to examine what we are now targeting, because as I understand
it, you are now removing 1,000 people a month?
(Mr Blunkett) Yes.
92. In June last year you said that you had
a target of 2,500 people a month. You said, "We have decided
that that target must be met by early next year"ie
some time early in the current year. The confusion is, in the
evidence that the Home Office has given to this Committee, referring
back to what you said in June, it says this: "The Home Secretary
told the House of Commons in June last year that the target was
to remove 2,500 failed asylum applicants per month and revise
the March 2002 target date"that is the 30,000 target"to
March 2003." That is not really what you said to the Commons,
is it? You said to the Commons that you were bringing forward
the 2,500 target, did you not?
(Mr Blunkett) I was putting the 2,500No, they
are both entirely compatible. The 2,500 target to be achieved
by the spring of 2002because that is what I saidwould
lead to 30,000 by the spring of 2003, i.e. 12 two-and-a-halves.
93. Would it not have been more straightforward,
in the evidence to this Committee, to say, "In June the Home
Secretary said 2,500 a month. He brought forward the target"which
is what you did"of 2,500 a month for early 2002, and
we've now missed that"?
(Mr Blunkett) No, I put back the 2,500 a month, because
the target that we were debating in the House on that day was
the 30,000 target to be achieved within that current financial
year, namely through to 31 March 2002, and of course 30,000 by
March 2002 was 2,500 a month on average, was it not? Either way,
either dis-aggregated 30,000 in 12 months or taking a month and
aggregating it up, reaches the same figure of 30,000. Or am I
losing my numeracy?
94. I do not want to lose people in textual
analysis. It sounds to me as if in June last year you were saying,
"We're bringing forward the 2,500", and on the evidence
that you give to the Committee you have admitted that that has
(Mr Blunkett) No, I was not at all. I was putting
back the 30,000, because I did not believe it was feasible, and
I wanted to be straight with the Commons about it, to achieve
it within that financial year. I have said already, my mistake
was to believe that it was going to be possible to achieve it
in the following financial year, starting with the 2,500 a month
target, 2,500 each month for 12 months, 30,000.
95. To be clear now, for the future, what you
are saying to this Committee today is that the 2,500 a month has
gone and the 30,000 a year has gone, even by 2003 which was what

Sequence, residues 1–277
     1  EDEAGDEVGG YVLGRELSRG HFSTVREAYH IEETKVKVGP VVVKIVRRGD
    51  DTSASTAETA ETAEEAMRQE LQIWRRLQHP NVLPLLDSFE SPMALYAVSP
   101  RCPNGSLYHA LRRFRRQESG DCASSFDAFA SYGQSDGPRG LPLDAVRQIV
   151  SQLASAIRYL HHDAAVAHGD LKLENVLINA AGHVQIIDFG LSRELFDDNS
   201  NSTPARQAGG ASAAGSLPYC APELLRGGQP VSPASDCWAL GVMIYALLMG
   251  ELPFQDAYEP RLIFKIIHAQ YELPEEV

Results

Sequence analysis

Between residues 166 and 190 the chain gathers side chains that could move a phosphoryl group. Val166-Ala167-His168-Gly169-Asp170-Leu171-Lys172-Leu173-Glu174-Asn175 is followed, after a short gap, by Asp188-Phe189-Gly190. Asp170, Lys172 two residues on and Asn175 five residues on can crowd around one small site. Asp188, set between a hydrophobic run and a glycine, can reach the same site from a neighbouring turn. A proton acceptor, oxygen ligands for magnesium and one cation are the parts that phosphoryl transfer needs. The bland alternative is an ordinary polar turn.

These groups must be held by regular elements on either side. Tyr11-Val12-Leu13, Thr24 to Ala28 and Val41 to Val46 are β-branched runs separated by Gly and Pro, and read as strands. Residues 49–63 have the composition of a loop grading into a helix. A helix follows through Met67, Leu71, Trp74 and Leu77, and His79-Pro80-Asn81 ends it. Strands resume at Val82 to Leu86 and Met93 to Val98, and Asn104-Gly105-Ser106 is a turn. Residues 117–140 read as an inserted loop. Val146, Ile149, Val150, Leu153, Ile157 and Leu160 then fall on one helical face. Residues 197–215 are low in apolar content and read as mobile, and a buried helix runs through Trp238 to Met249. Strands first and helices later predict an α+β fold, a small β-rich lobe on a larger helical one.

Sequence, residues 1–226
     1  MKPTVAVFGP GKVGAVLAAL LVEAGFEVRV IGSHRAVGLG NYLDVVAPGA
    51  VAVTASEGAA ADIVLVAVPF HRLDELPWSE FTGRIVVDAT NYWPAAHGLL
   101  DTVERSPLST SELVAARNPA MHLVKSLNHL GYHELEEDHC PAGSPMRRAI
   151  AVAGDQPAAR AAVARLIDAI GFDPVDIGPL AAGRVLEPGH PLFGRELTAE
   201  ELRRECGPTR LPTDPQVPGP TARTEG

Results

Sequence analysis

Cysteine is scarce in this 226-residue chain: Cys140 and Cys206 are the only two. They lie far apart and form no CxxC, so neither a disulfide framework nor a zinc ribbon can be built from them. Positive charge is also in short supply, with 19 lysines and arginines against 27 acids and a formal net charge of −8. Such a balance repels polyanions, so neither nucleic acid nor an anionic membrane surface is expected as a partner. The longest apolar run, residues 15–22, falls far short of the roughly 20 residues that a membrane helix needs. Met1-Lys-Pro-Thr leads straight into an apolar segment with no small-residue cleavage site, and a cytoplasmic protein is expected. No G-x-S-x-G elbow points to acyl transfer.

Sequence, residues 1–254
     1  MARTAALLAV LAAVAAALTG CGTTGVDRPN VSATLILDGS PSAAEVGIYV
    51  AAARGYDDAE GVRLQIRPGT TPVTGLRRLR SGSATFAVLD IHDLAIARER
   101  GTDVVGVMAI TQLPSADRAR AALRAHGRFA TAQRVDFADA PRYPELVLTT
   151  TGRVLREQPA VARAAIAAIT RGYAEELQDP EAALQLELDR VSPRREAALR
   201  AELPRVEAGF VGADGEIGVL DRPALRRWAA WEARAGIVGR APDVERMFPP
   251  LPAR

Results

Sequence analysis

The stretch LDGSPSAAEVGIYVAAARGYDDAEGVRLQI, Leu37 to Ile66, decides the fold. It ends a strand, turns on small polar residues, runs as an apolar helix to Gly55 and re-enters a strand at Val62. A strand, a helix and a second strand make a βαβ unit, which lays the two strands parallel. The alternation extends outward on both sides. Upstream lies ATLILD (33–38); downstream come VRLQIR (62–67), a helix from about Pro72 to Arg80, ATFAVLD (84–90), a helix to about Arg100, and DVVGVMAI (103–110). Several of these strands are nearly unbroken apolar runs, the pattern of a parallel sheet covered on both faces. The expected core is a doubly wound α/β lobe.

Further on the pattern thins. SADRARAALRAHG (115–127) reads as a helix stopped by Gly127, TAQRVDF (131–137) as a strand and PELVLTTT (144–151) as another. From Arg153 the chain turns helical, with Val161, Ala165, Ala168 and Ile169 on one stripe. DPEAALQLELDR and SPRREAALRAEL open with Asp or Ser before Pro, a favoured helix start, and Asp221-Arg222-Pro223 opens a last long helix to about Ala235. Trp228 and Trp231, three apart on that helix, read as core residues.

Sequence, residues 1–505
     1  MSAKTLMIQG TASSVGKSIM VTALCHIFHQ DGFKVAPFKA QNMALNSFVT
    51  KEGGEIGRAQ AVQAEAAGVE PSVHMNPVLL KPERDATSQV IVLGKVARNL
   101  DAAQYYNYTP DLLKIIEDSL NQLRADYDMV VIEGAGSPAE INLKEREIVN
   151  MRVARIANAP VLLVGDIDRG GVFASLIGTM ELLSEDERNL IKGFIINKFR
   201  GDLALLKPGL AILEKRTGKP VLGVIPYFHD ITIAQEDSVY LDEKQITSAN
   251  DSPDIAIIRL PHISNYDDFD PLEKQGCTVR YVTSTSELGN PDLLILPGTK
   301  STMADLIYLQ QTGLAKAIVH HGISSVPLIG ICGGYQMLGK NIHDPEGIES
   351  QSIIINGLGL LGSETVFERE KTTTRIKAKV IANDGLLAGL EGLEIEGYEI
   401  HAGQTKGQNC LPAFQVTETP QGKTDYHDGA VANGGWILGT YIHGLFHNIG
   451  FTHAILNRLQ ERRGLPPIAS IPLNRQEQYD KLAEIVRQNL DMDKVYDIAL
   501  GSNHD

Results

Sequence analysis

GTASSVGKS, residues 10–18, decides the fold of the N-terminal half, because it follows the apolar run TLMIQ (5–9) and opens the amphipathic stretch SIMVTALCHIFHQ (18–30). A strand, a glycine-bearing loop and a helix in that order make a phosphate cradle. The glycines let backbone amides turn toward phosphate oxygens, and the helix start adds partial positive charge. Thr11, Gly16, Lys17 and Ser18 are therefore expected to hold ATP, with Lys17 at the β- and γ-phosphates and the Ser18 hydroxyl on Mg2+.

was in the manifesto?
(Mr Blunkett) Yes, I am.
96. Absolutely. So will there be a new target?
(Mr Blunkett) I am doing so on honesty grounds, practical
grounds and realism, and the burning down of Yarl's Wood which
finished any chance of meeting that.
97. Looking at the numbers for 2001, for the
number of decisions made and the number of removals and voluntary
departures, as I understand the figures, a very creditable 126,000
decisions were made, 41,000 people were granted either asylum/exceptional
leave to remain or their appeal was allowed, and then you have
the 9,000 removed. That leaves you with 75,000 principal asylum
applicants left in the country. If you add to that 30 per cent
dependants, you have something like 97,000 people who last year
were not granted asylum/exceptional leave to remain or had their
appeals allowed, but they were not removed, is that right?
(Beverley Hughes) I would need to go back and look
at the figures you are looking at, but on the basis of what you
said, that may well be correct, yes.
98. Right. So if you are currently removing
1,000 a month, on last year's figures, if you come here you have
a sort of 1 in 10 chance of being removed?
(Beverley Hughes) I am not sure that the 1 in 10,
which of course is what Migrationwatch UK quoted, is right, because
I do not think, from what I have seen of their figures, that they
are taking into account the people who have been granted refugee
status or exceptional leave to remain. Our estimate of that figure
is that it should be 5 out of 10, not 1 out of 10.
99. But I am going off your figures.
(Mr Blunkett) Yes, I know, but they do not include
those voluntary returns that are not included in the official